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Rick Rice, former city Water Management Commissioner turned fall guy in hired truck scandal, dies at 53

Water Commisioner Rick Rice (left) Chicago Fire Commisioner James Joyce 2001

Water Commisioner Rick Rice (left) and Chicago Fire Commisioner James Joyce in 2001

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Updated: January 20, 2013 6:25AM



Last spring, 900 politicians and City Hall bureaucrats jammed into a Merrionette Park banquet hall for a heart-wrenching fund-raiser for one of their own.

Rick Rice — a former Water Management commissioner-turned fall guy for the Hired Truck scandal that tarnished the 22-year-reign of then-Mayor Richard M. Daley — was dying of brain cancer.

Mr. Rice’s former co-workers wanted to help their friend with his mounting medical bills. Fearing the end was near, they wanted to say goodbye. They were united in their belief that Mr. Rice got a raw deal from Daley.

“He shed a few tears that night. There were so many old faces. He was amazed at how many people showed up,” said Kevin Rice, the former commissioner’s son.

“Before it started, he joked there would be us and [former deputy budget director] Russ Carlson there. It didn’t turn out that way.”

A career bureaucrat and well-respected budget analyst, Rick Rice died of brain cancer last Saturday. He was 53.

In 2005, a housecleaning in the

department at the center of the Hired Truck scandal swept out then-Water Management Commissioner Rick Rice and nine politically connected underlings accused of participating in a payroll scam.

The brother-in-law of Cook County Commissioner John Daley and the relative of a key Hired Truck figure were among those purged for allegedly falsifying attendance records over a two-month period — maybe longer — by swiping each other in and out.

Most aldermen rallied to Mr. Rice’s defense. They argued that the ousted commissioner was “frustrated from Day One” about convicted First Deputy Donald Tomczak’s “rogue army” of political workers, but powerless to stop it because Tomczak was “perceived as untouchable.”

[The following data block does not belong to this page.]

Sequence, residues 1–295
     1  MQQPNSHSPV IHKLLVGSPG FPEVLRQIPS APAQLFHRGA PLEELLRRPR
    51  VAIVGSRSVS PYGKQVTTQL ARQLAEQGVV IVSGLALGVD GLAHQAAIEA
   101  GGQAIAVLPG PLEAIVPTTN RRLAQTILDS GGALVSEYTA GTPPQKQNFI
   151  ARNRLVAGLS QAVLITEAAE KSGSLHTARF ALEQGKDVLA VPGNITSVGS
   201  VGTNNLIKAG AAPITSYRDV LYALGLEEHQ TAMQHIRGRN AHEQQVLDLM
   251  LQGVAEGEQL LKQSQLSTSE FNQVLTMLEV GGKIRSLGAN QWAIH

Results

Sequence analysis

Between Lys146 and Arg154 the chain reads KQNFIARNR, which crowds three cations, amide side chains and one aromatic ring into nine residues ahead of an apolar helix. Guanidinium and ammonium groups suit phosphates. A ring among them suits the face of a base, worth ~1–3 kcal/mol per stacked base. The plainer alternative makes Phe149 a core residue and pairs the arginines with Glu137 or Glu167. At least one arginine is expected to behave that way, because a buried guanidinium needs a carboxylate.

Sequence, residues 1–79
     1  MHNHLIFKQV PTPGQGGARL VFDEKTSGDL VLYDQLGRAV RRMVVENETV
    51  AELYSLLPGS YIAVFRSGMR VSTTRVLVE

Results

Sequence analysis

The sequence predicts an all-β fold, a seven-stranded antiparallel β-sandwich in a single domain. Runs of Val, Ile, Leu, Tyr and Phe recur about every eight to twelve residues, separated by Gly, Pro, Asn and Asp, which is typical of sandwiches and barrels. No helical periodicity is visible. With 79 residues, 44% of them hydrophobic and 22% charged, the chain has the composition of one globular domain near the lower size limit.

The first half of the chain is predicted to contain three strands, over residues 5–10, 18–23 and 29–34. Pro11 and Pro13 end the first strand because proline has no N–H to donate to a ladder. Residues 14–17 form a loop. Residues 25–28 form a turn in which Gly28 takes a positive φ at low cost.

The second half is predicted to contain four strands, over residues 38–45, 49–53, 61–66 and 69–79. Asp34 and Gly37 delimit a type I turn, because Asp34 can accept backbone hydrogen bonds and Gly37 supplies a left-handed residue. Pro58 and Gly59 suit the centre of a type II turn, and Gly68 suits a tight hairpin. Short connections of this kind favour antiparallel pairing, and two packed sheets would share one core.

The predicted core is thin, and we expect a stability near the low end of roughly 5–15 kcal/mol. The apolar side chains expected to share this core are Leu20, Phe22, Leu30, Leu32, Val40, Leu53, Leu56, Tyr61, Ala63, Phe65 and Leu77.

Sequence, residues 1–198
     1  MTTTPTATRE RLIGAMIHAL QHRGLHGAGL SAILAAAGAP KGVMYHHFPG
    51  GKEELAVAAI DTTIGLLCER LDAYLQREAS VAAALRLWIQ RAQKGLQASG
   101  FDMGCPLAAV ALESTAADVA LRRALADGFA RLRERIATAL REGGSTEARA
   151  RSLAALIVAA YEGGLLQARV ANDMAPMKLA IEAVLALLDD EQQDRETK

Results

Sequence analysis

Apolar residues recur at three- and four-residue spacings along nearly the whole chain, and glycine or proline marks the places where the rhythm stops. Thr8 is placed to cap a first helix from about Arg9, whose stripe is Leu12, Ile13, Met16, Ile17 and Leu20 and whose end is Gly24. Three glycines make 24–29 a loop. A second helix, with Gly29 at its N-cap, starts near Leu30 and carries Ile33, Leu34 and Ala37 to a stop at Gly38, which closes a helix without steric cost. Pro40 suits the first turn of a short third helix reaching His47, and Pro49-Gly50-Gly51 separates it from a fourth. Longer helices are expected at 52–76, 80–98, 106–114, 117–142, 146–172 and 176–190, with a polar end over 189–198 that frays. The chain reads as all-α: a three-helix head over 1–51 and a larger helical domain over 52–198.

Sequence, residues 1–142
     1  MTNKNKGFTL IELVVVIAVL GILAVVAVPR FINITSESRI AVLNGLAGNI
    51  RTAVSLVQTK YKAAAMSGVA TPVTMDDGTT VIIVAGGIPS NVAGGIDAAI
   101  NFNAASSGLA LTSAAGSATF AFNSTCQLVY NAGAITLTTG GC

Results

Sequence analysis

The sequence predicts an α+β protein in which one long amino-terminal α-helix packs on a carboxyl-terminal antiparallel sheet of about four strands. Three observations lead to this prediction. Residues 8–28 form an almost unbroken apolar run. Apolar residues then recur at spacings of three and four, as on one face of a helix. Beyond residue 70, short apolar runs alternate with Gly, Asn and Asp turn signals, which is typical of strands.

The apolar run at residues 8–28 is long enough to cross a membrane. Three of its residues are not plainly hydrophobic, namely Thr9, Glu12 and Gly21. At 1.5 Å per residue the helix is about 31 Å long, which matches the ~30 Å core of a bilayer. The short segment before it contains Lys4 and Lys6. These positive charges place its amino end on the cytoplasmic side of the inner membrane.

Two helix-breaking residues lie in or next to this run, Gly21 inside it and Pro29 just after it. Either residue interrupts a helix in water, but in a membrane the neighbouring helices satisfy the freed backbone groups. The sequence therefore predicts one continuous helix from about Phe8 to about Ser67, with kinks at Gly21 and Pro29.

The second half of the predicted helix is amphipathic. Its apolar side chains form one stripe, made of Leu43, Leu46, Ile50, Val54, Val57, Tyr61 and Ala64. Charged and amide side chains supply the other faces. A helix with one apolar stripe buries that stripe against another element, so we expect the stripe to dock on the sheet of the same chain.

Daley coldly defended his decision to target Mr. Rice, arguing that the ousted commissioner could have fired Tomczak if he wanted to.

“Everybody has responsibilities. I put somebody on the dance floor. They have to dance,” Daley said at the time.

Pressed on whether Mr. Rice could have ousted Tomczak, Daley said, “He could get rid of anyone.”

Kevin Rice couldn’t disagree more. Although his father went on to become a consultant after the heartbreaking end to his 23-year career at City Hall, the Rice children never got over how their father was treated.

“My dad was probably the straightest arrow I knew,” Kevin Rice said.

“An election was coming up. He was a fall guy. He got a bad shake. . . . If it was up to him, he’d still be working for the city.”

Mr. Rice was a graduate of Stagg High School in Palos Hills. He went on to get a bachelor’s degree from Elmhurst College and a master’s from the Illinois Institute of Technology.

In addition to his son Kevin, 28, Rick Rice is survived by his wife Madonna, and other sons Brendan, 26, and Colin, 22; daughter Eileen, 19; parents Kenneth and Elizabeth, and brothers Ken, Bob, John, Bill and Scott.

A funeral service will be held at 11 a.m. Wednesday at Queen of Martyrs Church, 10233 S. Central Park Ave. in Evergreen Park. Burial will be at Holy Sepulchre Cemetery.



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